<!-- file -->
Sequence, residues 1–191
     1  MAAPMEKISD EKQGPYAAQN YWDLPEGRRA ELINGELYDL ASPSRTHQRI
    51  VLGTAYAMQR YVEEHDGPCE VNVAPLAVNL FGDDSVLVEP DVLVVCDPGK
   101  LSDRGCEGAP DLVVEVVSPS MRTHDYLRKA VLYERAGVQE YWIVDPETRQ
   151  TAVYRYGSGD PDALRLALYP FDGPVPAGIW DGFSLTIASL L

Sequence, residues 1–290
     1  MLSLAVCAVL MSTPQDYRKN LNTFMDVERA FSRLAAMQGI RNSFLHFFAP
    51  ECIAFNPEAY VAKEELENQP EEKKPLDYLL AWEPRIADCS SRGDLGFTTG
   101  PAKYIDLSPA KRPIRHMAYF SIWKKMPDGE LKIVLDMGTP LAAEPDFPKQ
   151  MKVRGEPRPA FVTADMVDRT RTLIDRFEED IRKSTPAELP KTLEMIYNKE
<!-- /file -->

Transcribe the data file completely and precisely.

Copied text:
Sequence, residues 1–191
     1  MAAPMEKISD EKQGPYAAQN YWDLPEGRRA ELINGELYDL ASPSRTHQRI
    51  VLGTAYAMQR YVEEHDGPCE VNVAPLAVNL FGDDSVLVEP DVLVVCDPGK
   101  LSDRGCEGAP DLVVEVVSPS MRTHDYLRKA VLYERAGVQE YWIVDPETRQ
   151  TAVYRYGSGD PDALRLALYP FDGPVPAGIW DGFSLTIASL L

Sequence, residues 1–290
     1  MLSLAVCAVL MSTPQDYRKN LNTFMDVERA FSRLAAMQGI RNSFLHFFAP
    51  ECIAFNPEAY VAKEELENQP EEKKPLDYLL AWEPRIADCS SRGDLGFTTG
   101  PAKYIDLSPA KRPIRHMAYF SIWKKMPDGE LKIVLDMGTP LAAEPDFPKQ
   151  MKVRGEPRPA FVTADMVDRT RTLIDRFEED IRKSTPAELP KTLEMIYNKE